Does the human race deserve to survive? According to Noah, not really, or not strictly.
“Strictly” may be the word that gets to the heart of the question (along with “deserve”), since it is Noah’s strict logic that leads him to the negative conclusion. Human beings are not good. That’s clear enough. As Tubal Cain rightly says, man is a killer, or at least a negator. In this we bear the image of a creator who has just determined to put the bulk of creation to death. Along with this image we also bear the guilt and pain of our own and others’ sins against life (like Ham; like Noah himself). So it is all too easy to conclude that the game is not worth the candle.
We are not good; we are mixed—cracked. This also means that a slogan like “affirm life” cannot be the magic key to Noah’s dilemma. Tubal Cain affirms life in his own way by defying the creator in the creator’s name. Noah believes this is what he is doing when he decides to wipe out humanity for the sake of the animals. If man is a killer, then the will to live is inextricable from the will to death. To say yes to life is thus to affirm the whole bundle, the pain along with the occasional berry found in the woods. It is to open yourself to the possibility (or inevitability) of an eternal return, an eternal sameness. We can start over, but the whole mess is likely to happen again.
If we substitute the individual for the race, the film becomes a parable of the problem of suicide. Why go on? The world would be better off without us (strictly speaking). The “will to live” is a voice loud within us, but hardly an unquestionable good given what we do to each other by living. So it is not surprising that Noah comes to doubt that voice as precisely the temptation that a good person will resist.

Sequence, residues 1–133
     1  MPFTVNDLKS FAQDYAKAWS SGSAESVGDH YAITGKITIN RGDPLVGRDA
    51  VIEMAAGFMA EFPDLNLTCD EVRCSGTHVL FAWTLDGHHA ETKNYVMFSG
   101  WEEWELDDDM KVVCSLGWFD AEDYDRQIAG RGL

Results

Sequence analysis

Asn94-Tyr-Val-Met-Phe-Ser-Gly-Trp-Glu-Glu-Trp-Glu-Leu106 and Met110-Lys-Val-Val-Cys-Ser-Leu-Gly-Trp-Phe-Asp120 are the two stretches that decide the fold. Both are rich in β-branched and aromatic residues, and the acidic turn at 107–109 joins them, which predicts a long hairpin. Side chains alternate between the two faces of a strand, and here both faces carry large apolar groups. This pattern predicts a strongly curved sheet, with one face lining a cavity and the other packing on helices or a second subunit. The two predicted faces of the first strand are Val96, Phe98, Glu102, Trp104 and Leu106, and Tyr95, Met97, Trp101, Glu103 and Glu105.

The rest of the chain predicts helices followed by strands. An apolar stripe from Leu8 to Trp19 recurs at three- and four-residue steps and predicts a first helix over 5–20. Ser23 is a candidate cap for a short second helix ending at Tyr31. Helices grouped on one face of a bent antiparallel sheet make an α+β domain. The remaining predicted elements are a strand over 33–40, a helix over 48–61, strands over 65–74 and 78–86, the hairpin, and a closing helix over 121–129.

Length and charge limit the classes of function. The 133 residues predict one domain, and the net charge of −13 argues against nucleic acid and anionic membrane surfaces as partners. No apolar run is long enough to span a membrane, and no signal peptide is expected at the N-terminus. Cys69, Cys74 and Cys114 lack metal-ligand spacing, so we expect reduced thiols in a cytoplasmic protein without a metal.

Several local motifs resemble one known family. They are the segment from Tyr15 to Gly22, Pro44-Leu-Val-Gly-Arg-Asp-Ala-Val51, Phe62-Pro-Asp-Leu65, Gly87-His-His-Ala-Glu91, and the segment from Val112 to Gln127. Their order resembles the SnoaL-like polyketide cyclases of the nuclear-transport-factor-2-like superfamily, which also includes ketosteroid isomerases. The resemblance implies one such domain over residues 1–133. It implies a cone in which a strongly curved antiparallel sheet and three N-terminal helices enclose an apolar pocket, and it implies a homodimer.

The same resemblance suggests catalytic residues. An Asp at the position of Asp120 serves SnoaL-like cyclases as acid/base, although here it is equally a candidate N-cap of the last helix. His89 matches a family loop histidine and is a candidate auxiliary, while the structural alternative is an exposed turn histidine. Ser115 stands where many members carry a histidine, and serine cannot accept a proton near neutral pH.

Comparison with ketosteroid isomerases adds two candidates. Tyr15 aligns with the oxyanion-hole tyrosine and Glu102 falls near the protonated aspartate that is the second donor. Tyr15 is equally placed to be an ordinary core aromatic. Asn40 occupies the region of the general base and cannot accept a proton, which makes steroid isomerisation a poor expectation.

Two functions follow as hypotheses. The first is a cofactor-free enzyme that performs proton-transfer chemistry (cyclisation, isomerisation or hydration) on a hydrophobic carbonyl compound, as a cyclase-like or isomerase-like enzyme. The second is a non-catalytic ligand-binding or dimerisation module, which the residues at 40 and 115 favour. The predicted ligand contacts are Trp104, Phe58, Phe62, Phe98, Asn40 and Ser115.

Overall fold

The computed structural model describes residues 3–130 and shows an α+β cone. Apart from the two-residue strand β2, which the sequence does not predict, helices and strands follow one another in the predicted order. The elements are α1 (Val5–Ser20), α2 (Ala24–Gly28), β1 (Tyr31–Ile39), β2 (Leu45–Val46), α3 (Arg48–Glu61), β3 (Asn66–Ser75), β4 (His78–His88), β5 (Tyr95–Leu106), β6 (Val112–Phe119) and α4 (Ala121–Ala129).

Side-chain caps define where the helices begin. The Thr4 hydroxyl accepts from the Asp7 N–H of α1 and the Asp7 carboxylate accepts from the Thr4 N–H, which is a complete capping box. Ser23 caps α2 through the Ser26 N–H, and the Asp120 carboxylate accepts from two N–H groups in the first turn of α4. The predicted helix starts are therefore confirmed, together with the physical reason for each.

Noah is hardly a brief for suicide. But neither does it present an unambiguous case for human life, as if that were what the creator ultimately affirms. (As far as we know, He changes His mind as often as Noah does.) As I see it, the bottom this film comes to is the one Beckett found in The Unnameable: “I can’t go on, I’ll go on.” There’s no reason to continue, or none worth insisting on. But there we are, and there we’re likely to go again. At least, in Noah, the women—holding out for a glass-half-full view of human goodness—approve.
And God himself, we are given to believe, comes around to Noah’s wife’s way of thinking. Let’s say that Noah made the right choice and hope for the best, though in Arnofsky’s version of the story there are no promises. Everyone loves a second chance, but we know far better than Noah how this one turned out.